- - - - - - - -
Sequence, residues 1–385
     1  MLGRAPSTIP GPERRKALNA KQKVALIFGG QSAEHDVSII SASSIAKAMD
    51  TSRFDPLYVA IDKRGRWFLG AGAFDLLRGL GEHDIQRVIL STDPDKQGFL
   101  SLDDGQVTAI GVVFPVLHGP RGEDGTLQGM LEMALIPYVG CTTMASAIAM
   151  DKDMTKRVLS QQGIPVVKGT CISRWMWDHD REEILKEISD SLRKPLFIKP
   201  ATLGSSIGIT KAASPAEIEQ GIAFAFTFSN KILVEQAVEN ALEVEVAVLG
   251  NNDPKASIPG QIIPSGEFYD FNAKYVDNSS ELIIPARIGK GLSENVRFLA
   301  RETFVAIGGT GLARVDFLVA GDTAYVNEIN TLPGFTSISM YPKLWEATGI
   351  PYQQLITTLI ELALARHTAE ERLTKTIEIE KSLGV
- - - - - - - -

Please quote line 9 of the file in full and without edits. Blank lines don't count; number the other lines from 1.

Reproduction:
   351  PYQQLITTLI ELALARHTAE ERLTKTIEIE KSLGV